Beowulf Religion Quotes
How we cite our quotes:
Afterwards a boy-child was sent to Shield, a cub in the yard, a comfort sent by God to that nation. He knew what they had tholed, the long times and troubles they'd come through without a leader; so the Lord of Life, the glorious Almighty, made this man renowned. (12-17)
Then a powerful demon, a prowler through the dark, nursed a hard grievance. It harrowed him to hear the din of the loud banquet every day in the hall, the harp being struck and the clear song of a skilled poet telling with mastery of man's beginnings, how the Almighty had made the earth a gleaming plain girdled with waters; in His splendour He set the sun and the moon to be earth's lamplight, lanterns for men, and filled the broad lap of the world with branches and leaves; and quickened life in every other thing that moved. (86-98)
Grendel's demonic nature is rubbed the wrong way by a bard's recitation of the story of Creation. Notice that this description of the creation of the world is an unusual mishmash of pagan and Christian imagery, reminding us of the complex religious background of the poem – told by Christians, but about pagans.
Grendel was the name of this grim demon haunting the marches, marauding round the heath and the desolate fens; he had dwelt for a time in misery among the banished monsters, Cain's clan, whom the creator had outlawed and condemned as outcasts. For the killing of Abel the Eternal Lord had exacted a price: Cain got no good from committing that murder because the Almighty made him anathema and out of the curse of his exile there sprang ogres and elves and evil phantoms and the giants too who strove with God time and again until He gave them their reward. (102-114)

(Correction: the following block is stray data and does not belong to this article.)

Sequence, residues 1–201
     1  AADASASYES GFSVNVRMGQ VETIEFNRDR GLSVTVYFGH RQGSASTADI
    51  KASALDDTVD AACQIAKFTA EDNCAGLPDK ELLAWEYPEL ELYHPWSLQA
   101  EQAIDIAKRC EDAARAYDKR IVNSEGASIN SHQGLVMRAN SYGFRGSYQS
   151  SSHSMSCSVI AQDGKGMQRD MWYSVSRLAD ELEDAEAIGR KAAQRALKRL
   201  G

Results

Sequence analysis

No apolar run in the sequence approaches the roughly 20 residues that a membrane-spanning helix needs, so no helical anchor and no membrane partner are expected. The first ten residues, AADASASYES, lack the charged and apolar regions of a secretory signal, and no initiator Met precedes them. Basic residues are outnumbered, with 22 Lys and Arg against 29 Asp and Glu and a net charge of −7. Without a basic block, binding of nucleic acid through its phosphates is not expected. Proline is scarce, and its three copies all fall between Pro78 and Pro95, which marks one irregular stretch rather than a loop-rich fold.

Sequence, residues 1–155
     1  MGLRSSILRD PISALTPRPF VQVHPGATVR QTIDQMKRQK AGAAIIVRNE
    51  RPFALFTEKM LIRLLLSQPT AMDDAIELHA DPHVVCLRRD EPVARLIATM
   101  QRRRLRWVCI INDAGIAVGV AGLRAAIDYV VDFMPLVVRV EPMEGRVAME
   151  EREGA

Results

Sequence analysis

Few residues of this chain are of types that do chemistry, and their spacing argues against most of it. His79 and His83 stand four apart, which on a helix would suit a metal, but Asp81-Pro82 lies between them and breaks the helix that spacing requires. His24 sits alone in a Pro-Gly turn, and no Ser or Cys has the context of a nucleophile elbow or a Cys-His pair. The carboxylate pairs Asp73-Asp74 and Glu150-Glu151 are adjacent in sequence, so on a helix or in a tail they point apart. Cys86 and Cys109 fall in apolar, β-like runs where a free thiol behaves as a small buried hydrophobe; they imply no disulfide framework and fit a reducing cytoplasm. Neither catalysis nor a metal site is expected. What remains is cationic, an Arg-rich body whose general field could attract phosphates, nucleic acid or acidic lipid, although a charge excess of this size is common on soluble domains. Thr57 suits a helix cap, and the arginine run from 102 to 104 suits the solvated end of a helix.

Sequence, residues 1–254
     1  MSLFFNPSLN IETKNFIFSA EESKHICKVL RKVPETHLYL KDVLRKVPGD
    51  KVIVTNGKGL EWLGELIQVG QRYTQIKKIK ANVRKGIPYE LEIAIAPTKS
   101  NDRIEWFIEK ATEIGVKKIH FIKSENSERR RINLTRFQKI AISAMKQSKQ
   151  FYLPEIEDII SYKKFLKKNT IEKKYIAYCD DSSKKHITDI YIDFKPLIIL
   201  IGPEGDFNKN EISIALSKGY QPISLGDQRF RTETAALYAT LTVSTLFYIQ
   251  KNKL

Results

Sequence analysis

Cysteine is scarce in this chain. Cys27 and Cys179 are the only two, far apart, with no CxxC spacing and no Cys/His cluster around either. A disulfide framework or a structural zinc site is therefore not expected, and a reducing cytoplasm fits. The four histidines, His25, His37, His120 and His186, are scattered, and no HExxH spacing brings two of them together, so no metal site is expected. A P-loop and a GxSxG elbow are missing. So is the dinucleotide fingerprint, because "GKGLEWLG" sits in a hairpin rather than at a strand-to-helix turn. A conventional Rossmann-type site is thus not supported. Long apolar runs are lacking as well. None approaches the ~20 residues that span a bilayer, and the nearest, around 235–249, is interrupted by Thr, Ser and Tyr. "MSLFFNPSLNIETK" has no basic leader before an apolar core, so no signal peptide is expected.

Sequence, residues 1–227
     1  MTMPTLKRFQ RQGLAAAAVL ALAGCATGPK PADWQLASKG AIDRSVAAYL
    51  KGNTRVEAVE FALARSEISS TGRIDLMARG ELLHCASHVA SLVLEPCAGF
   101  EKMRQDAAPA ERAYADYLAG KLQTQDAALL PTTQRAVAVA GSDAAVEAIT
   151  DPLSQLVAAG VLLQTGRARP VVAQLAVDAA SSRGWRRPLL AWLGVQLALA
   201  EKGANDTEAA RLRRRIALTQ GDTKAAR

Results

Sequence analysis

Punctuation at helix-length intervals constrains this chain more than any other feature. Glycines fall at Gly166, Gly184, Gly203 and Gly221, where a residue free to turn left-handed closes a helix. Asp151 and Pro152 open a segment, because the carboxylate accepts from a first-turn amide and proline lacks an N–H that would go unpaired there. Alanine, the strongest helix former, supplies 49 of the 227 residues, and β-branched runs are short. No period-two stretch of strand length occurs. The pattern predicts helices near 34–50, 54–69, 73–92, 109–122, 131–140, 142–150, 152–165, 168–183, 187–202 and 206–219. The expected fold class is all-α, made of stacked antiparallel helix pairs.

It's no accident that the only Biblical story specifically referred to in Beowulf is the tale of Cain and Abel, two brothers who took part in a murderous feud. In medieval Scandinavia, tribe against tribe and clan against clan often came down to fratricidal combat. Grendel represents the ultimate evil in this culture because he's the descendant of a man who killed his brother. Another villain of the poem, Unferth, is also condemned by the narrator because he killed his brothers.